Green Century Capital Management tried to use shareholder muscle to persuade at least a trio of insurance companies to drop fossil-fuel clients.
So far, the insurance firms aren’t biting; all three have filed no-action requests with the Securities and Exchange Commission.
The resolutions, in advance of proxy season this spring, call on Chubb
and The Hartford
to take this bold step as private-sector efforts to curb global warming from the burning of coal, oil
pick up, alongside global government action.
The insurance resolutions represent the first time that shareholders have laid down this sizable challenge to this industry for what the activists say are its contributions to the climate crisis.
Companies are facing climate-change quandaries increasingly at the behest of institutional investors, such as activist asset managers, hedge funds and pension funds, and by advocacy groups speaking on behalf of smaller shareholders.
More than nine shareholder campaigns based on environmental or social issues are currently underway, impacting companies such as Unilever PlcUL and Costco WholesaleCOST, according to Bloomberg Intelligence, which said the pressure has heated up from last year. Green Century has a $5.9 million stake in Costco, as of January.
The insurance resolutions call on each company’s board of directors to “adopt and disclose new policies to help ensure that its underwriting practices do not support new fossil fuel supplies, in alignment with the International Energy Agency (IEA)’s net-zero emissions by 2050 scenario.”
Watchdog IEA has concluded that there is no room for any fossil fuel expansion if warming targets are to be met, and climate catastrophe avoided.
“Investors are demanding that insurance companies stop supporting the rampant expansion of fossil fuels that is driving the climate crisis,” said Elana Sulakshana, senior energy campaigner at Rainforest Action Network, an environmental advocate that tracks financial services relationships with companies it believes hurt the Amazon rain forest and other areas.
“But instead of taking concrete action to limit fossil fuel insuring and investing, Chubb, Travelers and The Hartford are trying to silence their shareholders and continue business as usual,” she said.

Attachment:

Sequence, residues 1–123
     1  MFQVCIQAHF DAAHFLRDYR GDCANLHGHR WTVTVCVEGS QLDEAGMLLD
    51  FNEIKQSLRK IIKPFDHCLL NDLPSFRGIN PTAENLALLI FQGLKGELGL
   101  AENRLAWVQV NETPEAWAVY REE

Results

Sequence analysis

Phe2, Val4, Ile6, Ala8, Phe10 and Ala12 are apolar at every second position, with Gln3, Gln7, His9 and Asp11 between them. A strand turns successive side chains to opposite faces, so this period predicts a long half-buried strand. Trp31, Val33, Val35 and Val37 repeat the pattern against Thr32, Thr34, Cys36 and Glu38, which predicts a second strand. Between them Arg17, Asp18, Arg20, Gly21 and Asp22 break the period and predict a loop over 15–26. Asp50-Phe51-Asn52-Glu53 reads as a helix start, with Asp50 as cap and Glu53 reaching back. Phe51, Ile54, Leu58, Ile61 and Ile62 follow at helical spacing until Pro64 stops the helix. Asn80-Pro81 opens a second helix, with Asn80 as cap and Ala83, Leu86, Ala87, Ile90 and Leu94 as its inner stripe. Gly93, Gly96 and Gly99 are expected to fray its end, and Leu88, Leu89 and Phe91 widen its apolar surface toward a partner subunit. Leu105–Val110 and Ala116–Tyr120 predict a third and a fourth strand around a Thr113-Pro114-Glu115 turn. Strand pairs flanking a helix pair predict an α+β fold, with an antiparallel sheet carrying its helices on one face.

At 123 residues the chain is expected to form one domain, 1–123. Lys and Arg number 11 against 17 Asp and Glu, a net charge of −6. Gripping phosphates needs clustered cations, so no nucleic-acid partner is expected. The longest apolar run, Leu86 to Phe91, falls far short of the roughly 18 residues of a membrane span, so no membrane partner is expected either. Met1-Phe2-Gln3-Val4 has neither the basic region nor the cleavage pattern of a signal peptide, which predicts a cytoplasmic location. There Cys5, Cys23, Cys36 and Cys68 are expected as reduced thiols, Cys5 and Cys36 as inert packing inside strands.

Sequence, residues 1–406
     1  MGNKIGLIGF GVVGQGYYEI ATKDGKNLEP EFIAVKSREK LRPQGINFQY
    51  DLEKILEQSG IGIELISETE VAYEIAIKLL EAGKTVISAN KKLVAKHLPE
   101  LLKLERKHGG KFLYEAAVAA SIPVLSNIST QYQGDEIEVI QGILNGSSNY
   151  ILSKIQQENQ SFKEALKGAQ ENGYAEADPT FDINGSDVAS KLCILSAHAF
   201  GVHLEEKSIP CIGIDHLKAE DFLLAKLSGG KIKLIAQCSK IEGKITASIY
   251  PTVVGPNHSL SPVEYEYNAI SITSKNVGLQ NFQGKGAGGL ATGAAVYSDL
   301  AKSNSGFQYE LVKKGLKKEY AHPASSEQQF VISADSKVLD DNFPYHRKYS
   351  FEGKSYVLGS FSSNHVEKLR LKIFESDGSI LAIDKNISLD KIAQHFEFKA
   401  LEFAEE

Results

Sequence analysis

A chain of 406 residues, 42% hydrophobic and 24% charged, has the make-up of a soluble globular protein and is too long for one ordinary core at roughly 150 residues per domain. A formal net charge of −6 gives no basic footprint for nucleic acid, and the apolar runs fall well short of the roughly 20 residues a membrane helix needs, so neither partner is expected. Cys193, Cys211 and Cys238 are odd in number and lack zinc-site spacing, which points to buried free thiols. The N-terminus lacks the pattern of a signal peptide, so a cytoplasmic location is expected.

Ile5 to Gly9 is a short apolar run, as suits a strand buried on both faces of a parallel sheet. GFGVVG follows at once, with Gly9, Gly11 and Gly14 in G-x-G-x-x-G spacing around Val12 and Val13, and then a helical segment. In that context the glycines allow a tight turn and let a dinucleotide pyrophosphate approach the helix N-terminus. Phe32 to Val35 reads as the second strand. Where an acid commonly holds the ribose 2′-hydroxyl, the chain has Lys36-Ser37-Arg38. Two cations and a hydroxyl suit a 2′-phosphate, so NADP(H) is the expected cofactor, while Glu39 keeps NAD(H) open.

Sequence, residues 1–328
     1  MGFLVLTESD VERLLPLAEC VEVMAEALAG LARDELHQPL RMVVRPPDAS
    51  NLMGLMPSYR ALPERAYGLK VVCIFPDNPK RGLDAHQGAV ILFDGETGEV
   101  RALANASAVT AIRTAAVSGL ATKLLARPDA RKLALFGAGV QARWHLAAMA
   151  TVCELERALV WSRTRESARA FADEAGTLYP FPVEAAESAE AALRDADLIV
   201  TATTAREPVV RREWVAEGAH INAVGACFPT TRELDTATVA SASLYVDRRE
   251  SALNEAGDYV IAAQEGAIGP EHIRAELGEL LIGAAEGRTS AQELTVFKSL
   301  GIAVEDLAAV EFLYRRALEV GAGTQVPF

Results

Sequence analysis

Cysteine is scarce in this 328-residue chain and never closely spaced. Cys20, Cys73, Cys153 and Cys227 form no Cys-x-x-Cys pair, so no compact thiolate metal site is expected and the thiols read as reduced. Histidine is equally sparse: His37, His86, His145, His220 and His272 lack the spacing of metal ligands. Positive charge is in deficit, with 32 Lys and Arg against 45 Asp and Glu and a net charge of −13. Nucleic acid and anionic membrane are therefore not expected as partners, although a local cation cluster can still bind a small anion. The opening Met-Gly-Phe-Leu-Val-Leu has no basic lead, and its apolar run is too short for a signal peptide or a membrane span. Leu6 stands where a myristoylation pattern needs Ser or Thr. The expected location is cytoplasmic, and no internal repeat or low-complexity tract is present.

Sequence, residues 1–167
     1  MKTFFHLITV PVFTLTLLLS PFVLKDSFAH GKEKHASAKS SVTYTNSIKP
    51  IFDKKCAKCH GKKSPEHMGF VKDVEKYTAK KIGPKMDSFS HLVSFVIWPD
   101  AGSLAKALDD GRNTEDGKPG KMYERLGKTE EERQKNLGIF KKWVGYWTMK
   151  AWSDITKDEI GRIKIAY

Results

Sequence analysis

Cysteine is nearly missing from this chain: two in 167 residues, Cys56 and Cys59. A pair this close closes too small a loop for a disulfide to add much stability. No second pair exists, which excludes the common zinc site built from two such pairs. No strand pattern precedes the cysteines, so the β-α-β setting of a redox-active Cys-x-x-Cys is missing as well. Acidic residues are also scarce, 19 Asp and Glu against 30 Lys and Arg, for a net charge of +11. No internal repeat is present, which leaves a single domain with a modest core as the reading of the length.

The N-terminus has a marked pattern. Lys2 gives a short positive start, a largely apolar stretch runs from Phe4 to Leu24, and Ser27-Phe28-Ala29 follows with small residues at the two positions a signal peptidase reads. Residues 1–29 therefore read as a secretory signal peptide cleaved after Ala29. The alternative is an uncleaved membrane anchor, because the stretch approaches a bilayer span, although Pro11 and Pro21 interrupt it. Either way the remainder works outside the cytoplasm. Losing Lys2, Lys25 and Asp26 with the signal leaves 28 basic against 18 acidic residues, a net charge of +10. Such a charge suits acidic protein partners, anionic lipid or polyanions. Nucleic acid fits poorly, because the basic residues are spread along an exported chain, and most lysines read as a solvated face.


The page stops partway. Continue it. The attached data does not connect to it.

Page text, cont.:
“We regularly engage in open dialogue with our shareholders and value their perspectives. The Hartford gives each shareholder proposal a thorough review and due consideration,” Matthew Sturdevant, a spokesman for the The Hartford, said.
“We view the transition to a greener society as a business imperative and are proud of our progress,” he said, in response to Green Century’s claims. “Our long-standing commitment to sustainability is demonstrated by our actions across the business including sustainable products, transparent disclosure of climate-related goals, risks and operational impacts, and investments in renewable energy. “
Green Century, which has about $1 billion under management, is a left-leaning investment firm championing environmental and other causes, according to InfluenceWatch.org. Green Century is owned by Paradigm Partners, a for-profit holding company investment advisory service firm founded by Public Interest Network president Doug Phelps.
In its no-action request, Chubb, for one, pointed to its policy restricting insurance for new coal projects. Chubb, meanwhile, is backing expansion of offshore oil drilling in Brazil, Green Century said in its resolution.
Chubb has also said it will not make new debt or equity investments in companies that generate more than 30% of revenues from thermal coal mining or that generate more than 30% of energy production from coal.
The insurer also says the energy landscape will be changing, saying it “expects a transition over time to greater reliance on alternative and renewable fuel solutions to meet energy needs.”
Travelers and The Hartford have coal and tar sands exclusion policies, but do underwrite policies for other fossil fuels.
Chubb’s share price is up 23% over the past year, while The Hartford is up 42% and Travelers up 16%.
Investor attention to the role of insurers in climate change has increased significantly in recent years, in part due to rising insured costs related to natural disasters worsened by climate-change effects. For instance, the U.K.’s largest asset manager, Legal & General, divested from AIG in June 2021, citing the insurer’s coal underwriting.
Natural disasters cost insurers $105 billion in 2021, the fourth highest loss since 1970.
Chubb and Travelers have also challenged resolutions filed by the shareholder advocacy firm As You Sow that requested a plan for emissions reductions in line with a net-zero pathway.
Financial services more broadly are under the watchful eye of environmental groups.
earlier this year said it aims for an “absolute reduction” in emissions from companies across its energy loan portfolio of 29% by 2030. It was a big move in the banking space. Citi did stress that dropping oil and gas clients if they are deemed to fall short of such targets would only be a last resort, however.
But boardroom advocacy on climate change stretches beyond financial services.
Green Century and As You Sow claim their shareholder proposal was also behind a recent move at Coca-Cola
to reuse more plastic. Coke said earlier this month it will sell 25% of its beverages in refillables by 2030, up from a current 16%, a move that As You Sow called “industry-leading.”
And last year, hedge fund Engine No. 1 scored a coup in winning three climate-focused, independent seats on oil giant ExxonMobil’sXOM board.